This morning's meme is all about a Politico article that appeared this morning about disinheartened Democrats:
White House press secretary Robert Gibbs's recent complaint about the ingratitude of the "professional left" is a small symptom of a larger problem for President Barack Obama: He has left wide swaths of the Democratic Party uncertain of his core beliefs.
In interviews, a variety of political activists, operatives and commentators from across the party's ideological spectrum presented similar descriptions of Obama's predicament: By declining to speak clearly and often about his larger philosophy -- and insisting that his actions are guided not by ideology but a results-oriented "pragmatism" -- he has bred confusion and disappointment among his allies, and left his agenda and motives vulnerable to distortion by his enemies.
The president's reluctance to be a Democratic version of Ronald Reagan, who spoke without apology about his vaulting ideological ambitions, has produced an odd turn of events: Obama has been the most activist domestic president in decades, but the philosophy behind his legislative achievements remains muddy in the eyes of many supporters and skeptics alike.
Which is nonsense, since all I do is hear the man talk about his core philosophy, in every speech, in every video, which means some on the Professional Left haven't been listening!
To which, Greg Sargent wrote (after clarifying ways in which the Politico article was right):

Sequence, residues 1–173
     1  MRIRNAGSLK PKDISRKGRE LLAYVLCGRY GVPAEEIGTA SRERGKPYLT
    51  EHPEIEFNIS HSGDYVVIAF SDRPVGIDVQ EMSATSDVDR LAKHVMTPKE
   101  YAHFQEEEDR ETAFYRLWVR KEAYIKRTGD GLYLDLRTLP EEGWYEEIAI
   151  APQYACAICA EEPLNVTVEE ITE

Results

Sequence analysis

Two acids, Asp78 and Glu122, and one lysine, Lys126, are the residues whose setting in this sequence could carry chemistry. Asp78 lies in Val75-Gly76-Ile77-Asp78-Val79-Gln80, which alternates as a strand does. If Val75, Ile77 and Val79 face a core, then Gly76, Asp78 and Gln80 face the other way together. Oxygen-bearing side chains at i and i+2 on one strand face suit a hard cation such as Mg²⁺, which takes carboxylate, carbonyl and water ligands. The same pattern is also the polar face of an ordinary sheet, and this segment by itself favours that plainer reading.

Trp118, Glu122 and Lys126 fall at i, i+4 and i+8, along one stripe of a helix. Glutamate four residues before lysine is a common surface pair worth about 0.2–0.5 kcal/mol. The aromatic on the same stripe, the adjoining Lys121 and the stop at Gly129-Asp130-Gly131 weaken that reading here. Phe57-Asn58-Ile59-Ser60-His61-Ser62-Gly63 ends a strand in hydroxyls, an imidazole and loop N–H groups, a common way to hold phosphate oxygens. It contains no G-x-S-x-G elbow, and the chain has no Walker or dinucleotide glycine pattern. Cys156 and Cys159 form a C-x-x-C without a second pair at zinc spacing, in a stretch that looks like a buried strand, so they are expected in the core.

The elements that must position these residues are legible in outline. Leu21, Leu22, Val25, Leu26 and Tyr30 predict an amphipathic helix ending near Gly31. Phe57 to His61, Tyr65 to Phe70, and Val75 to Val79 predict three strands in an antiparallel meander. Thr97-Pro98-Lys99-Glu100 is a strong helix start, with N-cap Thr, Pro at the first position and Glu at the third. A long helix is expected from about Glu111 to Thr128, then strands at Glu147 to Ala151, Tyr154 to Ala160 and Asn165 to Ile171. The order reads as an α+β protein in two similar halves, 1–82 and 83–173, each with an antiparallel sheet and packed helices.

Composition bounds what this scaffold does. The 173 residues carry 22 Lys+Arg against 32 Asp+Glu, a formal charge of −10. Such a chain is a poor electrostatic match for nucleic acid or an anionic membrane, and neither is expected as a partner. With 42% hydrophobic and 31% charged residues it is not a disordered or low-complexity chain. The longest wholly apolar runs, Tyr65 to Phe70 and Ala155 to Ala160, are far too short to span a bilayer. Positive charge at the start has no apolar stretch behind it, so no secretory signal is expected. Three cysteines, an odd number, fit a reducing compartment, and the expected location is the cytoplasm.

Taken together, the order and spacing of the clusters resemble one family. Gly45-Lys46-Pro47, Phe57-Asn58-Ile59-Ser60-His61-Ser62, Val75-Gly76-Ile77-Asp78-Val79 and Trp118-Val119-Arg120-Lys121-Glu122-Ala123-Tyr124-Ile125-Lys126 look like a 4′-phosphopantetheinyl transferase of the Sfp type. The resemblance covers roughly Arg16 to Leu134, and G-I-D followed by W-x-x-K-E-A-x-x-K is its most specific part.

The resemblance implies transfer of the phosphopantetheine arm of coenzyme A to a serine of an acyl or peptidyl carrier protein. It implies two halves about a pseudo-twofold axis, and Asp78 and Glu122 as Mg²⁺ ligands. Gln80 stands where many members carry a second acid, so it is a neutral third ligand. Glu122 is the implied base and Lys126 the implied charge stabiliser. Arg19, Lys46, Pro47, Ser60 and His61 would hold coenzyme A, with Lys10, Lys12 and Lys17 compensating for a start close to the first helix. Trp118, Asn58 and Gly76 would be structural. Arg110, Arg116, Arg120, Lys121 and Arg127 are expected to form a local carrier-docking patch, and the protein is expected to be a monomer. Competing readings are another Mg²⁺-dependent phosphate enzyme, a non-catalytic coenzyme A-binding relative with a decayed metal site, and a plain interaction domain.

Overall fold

I tend to think this critique is overstated: Obama has passed the most ambitious domestic agenda since FDR, and there are some grounds for believing that the White House got as much as it possibly could have. But my bet is that if the White House hadn't fetishized bipartisanship early on; if Obama had drawn a sharper contrast with the GOP from the outset; and if he had taken a stronger stand on behalf of core priorities even if they were destined for failure, his lefty critics would be more willing to give him the benefit of the doubt.
That said, presuming Obama's will be a two-term presidency, we are not even one-fourth of the way through his tenure. By the time Obama retires to private life, this whole debate underway about Obama's early failings could ultimately be reduced to a mere asterisk, or even forgotten completely.
And Joe Klein chimed in as well:
But Dems are distressed? He's not populist or ideological enough? Oh please. There are several ways to go about the presidency. Ronald Reagan chose one way: he said one thing and did another. He was for cutting back the size of government, but didn't. He was for lowering taxes and he did, but then he raised taxes--two of the laegest percentage increases in American history--when his supply-side "philosophy" proved a phony. He confronted the Soviet Union, but he also would have agreed to massive reductions in nuclear arsenals if the Soviets had allowed him to pursue his Star Wars fantasy.
Barack Obama has chosen another way.
He has pretty much done what he said he'd do. His achievements are historic. But he hasn't wrapped them up in an ideological bumper sticker--or provided some neat way for the public to understand it, or pretended to be a yeoman simpleton, noshing on pork rinds, clearing brush and excoriating the business community. That is a real political problem. He delivered a stealth tax cut to 95% of the American people; I've never seen a politician cut taxes and not take sufficient credit for it before. He made it impossible for Americans to be denied health care coverage because of pre-existing conditions or chronic problems; somehow this has gotten lost in the "socialist" shuffle as well. He ended major combat operations in Iraq, on time and without much fuss--without using the word "victory" or denying the continuing problems involved in cobbling together a coherent government there. Another President might have hyped this "achievement" relentlessly.